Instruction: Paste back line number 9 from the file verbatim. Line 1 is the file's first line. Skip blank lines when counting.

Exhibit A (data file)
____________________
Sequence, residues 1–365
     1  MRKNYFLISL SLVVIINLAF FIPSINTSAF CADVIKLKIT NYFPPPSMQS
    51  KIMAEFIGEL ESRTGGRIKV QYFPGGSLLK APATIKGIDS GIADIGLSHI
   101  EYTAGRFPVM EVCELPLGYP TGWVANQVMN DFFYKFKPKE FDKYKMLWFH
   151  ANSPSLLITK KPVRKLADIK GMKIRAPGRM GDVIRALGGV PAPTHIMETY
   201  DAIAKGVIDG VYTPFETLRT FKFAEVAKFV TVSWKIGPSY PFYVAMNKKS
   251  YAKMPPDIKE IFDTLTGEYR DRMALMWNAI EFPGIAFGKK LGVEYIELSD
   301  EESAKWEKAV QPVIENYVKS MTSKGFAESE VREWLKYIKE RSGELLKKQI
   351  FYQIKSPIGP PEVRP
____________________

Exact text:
   351  FYQIKSPIGP PEVRP